Shares of General Electric (GE) fell 0.8% in Friday's general dismal trading session, which was dominated by the fiscal cliff discussions which were put on hold. The diversified industrial conglomerate announced that it has agreed to purchase the aviation business of Avio S.p.A.
General Electric announced that it has agreed to acquire the aviation business of Italian-based Avio S.p.A. The company will pay roughly $4.3 billion dollars for the manufacturer of aviation propulsion components and systems for civil and military aircraft.
With the acquisition, GE Aviation has a greater participation in jet propulsion, one of the most attractive sectors in the aviation business, according to the company.
The company which is based in Turin employs roughly 5,300 people, most of which work in Italy.
David Joyce, CEO Of GE Aviation commented on the deal, "We look forward to Avio joining the GE family. We have worked closely with Avio for decades, and we anticipate a bright future together. This acquisition is a great strategic fit with out existing portfolio Avio has technologies, capabilities and outstanding engineers to help grow our business. GE is an excellent corporate citizen in Italy, and we are very excited to grow the relationship."
For the full year of 2011, Avio generated annual revenues of $2.4 billion. The business generates more than 50% of its revenues derived from components for GE and joint ventures with the firm. The deal values the firm at 1.8 times annual revenues and roughly 8.5 times EBITDA for the year of 2012.
Avio is currently in hands of private equity firm Cinven, and aerospace and defense firm Finmeccanica. The deal is subject to regulatory and governmental approval. GE anticipates to close the deal in the middle of 2013.
General Electric ended its third quarter with $8.4 billion in cash and equivalents. This excludes the cash holdings of the financial unit. The industrial division supports $12.1 billion in short and long term borrowings for a net debt position of roughly $3.7 billion.
In the first nine months of 2012, GE has generated total revenues of $108.0 billion on which it earned $9.6 billion. Recently, the firm has lowered its full year revenue growth target to 3%, implying full year revenues of $151 billion. Full year net income is expected to come in around $13 billion.
The market values General Electric at $219 billion. This values the firm at almost 1.5 times annual revenues and 16-17 times annual earnings.
Last week, General Electric announced a 12% hike in its quarterly dividend, now paying $0.19 per share. As such, the company pays an annual dividend yield of 3.6%.
Some Historical Perspective
Year to date, shares of General Electric trade with gains of 16%. Shares steadily rose to highs of $23 in October, but have fallen back to levels around $21 per share at the moment.
Shares of General Electric fell from levels in the forties in 2007 to lows in 2009 when Warren Buffett needed to step in and throw a lifeline to the firm. Shares recovered from lows of $6 during those darkest days, and have tripled from these levels. The company has been trying to gradually wind down its GE Capital business which endangered the future of the firm during the crisis. GE now focuses on the "traditional" businesses including aviation, energy and industrial businesses.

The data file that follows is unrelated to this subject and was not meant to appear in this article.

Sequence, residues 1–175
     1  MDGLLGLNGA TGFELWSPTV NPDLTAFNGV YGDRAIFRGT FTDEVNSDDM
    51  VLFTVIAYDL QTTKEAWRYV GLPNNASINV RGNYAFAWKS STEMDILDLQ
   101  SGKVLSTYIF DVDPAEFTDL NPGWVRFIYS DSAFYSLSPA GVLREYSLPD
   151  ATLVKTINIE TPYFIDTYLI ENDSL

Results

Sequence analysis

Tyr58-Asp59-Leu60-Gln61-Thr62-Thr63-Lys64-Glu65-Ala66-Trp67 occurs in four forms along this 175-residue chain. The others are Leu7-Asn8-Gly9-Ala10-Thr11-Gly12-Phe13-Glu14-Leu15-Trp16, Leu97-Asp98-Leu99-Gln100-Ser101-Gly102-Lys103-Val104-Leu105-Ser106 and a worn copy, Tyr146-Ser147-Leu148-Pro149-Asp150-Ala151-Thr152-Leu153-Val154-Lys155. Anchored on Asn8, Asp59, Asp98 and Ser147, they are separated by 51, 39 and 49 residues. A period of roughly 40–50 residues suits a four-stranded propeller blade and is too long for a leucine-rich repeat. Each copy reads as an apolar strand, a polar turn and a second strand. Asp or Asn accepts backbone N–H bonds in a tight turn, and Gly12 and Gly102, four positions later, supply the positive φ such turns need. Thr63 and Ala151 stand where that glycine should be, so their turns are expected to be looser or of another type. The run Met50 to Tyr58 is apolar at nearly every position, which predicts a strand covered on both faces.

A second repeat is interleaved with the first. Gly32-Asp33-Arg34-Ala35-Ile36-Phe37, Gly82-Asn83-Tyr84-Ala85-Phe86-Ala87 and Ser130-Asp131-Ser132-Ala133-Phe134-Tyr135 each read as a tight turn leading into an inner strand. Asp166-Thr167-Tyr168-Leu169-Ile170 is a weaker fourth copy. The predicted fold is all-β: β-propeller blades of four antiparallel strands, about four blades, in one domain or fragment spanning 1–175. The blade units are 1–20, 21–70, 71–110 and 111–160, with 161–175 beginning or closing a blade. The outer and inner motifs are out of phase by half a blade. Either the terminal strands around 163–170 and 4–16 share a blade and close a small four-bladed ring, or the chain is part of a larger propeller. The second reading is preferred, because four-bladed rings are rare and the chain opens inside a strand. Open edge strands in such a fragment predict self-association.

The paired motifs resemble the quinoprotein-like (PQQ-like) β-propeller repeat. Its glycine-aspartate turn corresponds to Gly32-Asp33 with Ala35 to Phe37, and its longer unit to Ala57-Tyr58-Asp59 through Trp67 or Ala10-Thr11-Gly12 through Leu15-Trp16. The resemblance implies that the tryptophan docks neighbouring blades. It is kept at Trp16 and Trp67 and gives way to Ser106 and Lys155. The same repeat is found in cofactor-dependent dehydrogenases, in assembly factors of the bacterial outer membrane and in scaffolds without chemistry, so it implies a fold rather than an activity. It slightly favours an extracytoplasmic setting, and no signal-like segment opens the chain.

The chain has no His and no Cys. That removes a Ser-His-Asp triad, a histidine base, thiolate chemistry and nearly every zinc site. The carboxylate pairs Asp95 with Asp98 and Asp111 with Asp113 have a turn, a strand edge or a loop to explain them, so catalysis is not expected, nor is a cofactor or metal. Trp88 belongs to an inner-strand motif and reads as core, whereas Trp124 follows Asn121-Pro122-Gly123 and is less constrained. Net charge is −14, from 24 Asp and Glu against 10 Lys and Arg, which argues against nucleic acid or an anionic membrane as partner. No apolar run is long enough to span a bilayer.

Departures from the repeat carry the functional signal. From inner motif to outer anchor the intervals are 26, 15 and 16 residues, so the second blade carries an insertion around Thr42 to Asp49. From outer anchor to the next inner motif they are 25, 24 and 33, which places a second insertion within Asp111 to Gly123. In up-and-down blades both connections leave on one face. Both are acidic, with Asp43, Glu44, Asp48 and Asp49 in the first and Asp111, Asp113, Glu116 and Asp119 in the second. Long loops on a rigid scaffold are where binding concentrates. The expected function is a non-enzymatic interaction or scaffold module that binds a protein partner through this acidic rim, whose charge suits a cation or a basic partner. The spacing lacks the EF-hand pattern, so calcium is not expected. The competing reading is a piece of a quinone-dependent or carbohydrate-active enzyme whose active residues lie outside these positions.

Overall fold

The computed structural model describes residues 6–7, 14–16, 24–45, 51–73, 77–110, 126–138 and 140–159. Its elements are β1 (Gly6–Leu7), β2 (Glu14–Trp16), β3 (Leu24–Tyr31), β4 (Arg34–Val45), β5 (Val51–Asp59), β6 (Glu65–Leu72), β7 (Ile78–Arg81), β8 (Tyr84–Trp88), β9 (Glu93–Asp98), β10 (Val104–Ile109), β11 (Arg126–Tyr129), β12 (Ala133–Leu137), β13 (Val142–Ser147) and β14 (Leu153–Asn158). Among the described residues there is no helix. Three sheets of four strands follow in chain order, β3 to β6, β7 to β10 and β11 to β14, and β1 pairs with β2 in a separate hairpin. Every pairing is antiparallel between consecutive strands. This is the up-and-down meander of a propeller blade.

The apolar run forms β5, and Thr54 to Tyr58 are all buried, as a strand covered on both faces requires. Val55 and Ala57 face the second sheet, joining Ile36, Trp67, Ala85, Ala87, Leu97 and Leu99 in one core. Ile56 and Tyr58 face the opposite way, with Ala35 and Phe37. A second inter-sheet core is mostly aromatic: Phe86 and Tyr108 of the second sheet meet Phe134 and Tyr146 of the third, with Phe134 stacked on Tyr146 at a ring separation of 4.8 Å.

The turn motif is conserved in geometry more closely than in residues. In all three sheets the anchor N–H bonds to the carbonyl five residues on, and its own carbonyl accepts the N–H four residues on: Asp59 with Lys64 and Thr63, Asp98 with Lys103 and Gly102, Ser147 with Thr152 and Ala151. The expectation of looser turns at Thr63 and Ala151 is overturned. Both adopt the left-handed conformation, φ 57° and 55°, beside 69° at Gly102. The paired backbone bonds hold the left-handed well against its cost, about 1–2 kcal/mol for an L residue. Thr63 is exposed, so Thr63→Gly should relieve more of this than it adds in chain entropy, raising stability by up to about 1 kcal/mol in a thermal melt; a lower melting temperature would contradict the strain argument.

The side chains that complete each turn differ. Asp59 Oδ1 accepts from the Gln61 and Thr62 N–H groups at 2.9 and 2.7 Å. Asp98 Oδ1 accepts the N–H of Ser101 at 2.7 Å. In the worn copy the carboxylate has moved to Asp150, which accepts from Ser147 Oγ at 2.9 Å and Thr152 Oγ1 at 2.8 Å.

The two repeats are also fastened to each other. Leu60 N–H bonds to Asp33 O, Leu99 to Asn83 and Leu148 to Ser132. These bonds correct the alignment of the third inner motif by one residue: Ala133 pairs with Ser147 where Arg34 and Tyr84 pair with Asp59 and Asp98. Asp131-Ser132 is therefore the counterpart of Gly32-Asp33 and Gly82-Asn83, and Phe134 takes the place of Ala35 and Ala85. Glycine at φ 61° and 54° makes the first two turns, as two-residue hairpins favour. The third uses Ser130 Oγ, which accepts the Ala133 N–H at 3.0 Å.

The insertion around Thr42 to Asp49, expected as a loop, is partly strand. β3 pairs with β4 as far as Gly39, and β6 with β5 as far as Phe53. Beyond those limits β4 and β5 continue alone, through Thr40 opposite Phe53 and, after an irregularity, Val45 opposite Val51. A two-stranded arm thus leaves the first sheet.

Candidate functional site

The deal with Avio has been widely expected as rumors about a possible deal surfaced earlier this week.
The deal with Avio S.p.A. will significantly boost General Electric's aviation business. For the first nine months of 2012, the Aviation business generated revenues of $14.5 billion, implying that full year revenues could come in around $20 billion. The deal will add roughly $2.4 billion in annual revenues, boosting the revenues of the unit by some 12%.
The deal will further integrate GE's supply chain capabilities and thereby its position as a key aviation supplier. Avio is a supplier to Boeing's (BA) Dreamliner program. GE will not acquire the space unit which it deemed as not being interesting enough.
GE was furthermore comforted by the reform agenda which was initiated by prime minister Mario Monti. The president which took drastic reform measures decided on Friday to not participate in the coming elections in Italy.
The deal is excellent for selling shareholders Cinven and Finmeccanica. The companies had plans to sell the business in a public listing, valuing the unit at $4 billion.
I think the deal makes perfect sense, although the impact of the deal is rather limited. General Electric knows what they are buying into after working with the business for over two decades. GE will invest another $1.1 billion in the next decade in research and development.
Shares have fallen almost 5% over the past week after the firm announced to boost payments to shareholders. On top of the 3.6% dividend yield, General Electric will buy back up to $15 billion in its own shares.
The valuation has become a little more appealing over the past week. GE pays a fairly high dividend yield, while trading at fair value multiples. Investors are not yet enthusiastic, but I think there is still long term value in the shares. Expect more nice bolt-on acquisitions, as announced on Friday.
Disclosure: I have no positions in any stocks mentioned, and no plans to initiate any positions within the next 72 hours. I wrote this article myself, and it expresses my own opinions. I am not receiving compensation for it (other than from Seeking Alpha). I have no business relationship with any company whose stock is mentioned in this article.